Lincoln Estates fed up with fliers
Published: Wednesday, April 3, 2013 at 8:52 p.m.
Last Modified: Wednesday, April 3, 2013 at 8:52 p.m.
Doris Edwards is on a campaign to stop event promoters from posting fliers on utility poles in the Lincoln Estates neighborhood in southeast Gainesville.
Edwards, longtime chairwoman of the Lincoln Estates Watch Committee, said she is fed up with the fliers being posted on poles in the community, often with industrial staplers that pose a safety hazard to young children walking to and from school. She said to add insult to injury, the fliers become litter when they fall to the ground.
"This problem has been around for several years, but on a very minimal level, with one or two little fliers here and there," said Edwards, who has helped Lincoln Estates gain recognition for its beautification efforts, which were featured in spring 2007 in Southern Living magazine.
"It was not a major issue over the last few years, but in the last year, it has escalated to a weekly routine, and there are a number of promoters who practice this kind of low-level advertising," Edwards said.
Edwards said the fliers mostly advertise events at nightclubs in the Gainesville area and often feature pictures of scantily clad women. She said the problem gets worse when promoters bring "big-time" acts to town.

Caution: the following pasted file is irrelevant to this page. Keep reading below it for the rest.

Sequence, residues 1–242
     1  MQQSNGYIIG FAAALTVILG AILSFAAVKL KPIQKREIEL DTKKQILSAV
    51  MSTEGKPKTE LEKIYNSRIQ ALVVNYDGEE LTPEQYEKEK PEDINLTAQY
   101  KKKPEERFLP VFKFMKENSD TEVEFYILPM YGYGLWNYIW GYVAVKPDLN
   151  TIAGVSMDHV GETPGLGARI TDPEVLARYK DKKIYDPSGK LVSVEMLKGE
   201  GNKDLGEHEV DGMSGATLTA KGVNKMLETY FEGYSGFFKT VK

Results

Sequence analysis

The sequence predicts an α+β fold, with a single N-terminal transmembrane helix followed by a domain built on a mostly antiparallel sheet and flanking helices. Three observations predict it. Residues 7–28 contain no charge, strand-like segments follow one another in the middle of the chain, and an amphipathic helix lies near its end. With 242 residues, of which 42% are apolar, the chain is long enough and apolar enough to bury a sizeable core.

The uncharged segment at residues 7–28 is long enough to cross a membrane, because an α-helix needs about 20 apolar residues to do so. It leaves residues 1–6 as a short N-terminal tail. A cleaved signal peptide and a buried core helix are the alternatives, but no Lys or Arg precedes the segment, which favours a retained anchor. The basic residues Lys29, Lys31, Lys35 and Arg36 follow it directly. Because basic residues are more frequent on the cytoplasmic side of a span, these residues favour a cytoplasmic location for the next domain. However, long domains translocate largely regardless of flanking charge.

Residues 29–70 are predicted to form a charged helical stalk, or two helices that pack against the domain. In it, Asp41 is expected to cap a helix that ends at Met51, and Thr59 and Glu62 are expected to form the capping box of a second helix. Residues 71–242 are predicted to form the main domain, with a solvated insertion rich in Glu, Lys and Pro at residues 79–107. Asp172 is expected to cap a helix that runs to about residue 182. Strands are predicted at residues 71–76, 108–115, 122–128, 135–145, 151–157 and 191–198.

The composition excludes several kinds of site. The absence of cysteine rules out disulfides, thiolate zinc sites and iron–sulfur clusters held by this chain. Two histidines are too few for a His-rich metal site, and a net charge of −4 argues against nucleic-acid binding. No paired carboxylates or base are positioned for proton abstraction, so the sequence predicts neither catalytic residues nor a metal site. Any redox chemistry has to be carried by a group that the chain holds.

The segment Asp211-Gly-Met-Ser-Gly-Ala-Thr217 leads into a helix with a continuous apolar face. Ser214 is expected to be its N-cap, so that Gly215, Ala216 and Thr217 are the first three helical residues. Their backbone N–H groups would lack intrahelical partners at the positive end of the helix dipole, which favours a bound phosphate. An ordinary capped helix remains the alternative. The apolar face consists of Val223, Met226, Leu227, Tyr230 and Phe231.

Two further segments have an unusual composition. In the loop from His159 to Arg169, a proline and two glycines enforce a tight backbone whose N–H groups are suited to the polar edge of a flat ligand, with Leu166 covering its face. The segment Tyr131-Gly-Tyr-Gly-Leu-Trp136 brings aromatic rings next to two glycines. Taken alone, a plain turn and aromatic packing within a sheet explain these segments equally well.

Edwards said she talked about the problem during last month's Black on Black Crime Task Force meeting, several Lincoln Estates meetings and with officials at the city of Gainesville Code Enforcement.
"I have even talked with the city's aborist about it because of so many industrial staples in the oak trees that I thought were harming them," Edwards said.
Edwards said she won't stop speaking out about the issue and she plans to do whatever is necessary to get rid of the problem.
Bob Woods, spokesman for the city of Gainesville, wrote in an email that signs on utility poles are enforced under the same section of the city of Gainesville Municipal Code that pertains to signs on the right of way. He said code enforcement officers routinely remove the fliers and issue civil citations to the perpetrators when possible.
"The first civil citation is a warning citation," Woods wrote. "If the signs are not removed within the time period given, or if the violation is repeated within a certain amount of time, a civil citation is issued with a fine of $250."
The fine doubles to $500 if it remains or is repeated and a mandatory court appearance will be issued if the violation is repeated or continues. It is also difficult to track down promoters responsible for the fliers because a lot of them don't' live in Gainesville. Code enforcement officers work with police to help issue civil citations outside of normal operating hours because that is when nightclub managers and promoters normally work, according to Woods.
Edwards said the thing that disgusts her the most is that promoters seem to target black communities.
"This kind of material counteracts what we are trying to teach our kids," Edwards said. "There are a lot of people coming in our neighborhoods and putting up ghetto stuff or making our neighborhoods look ghetto and leaving."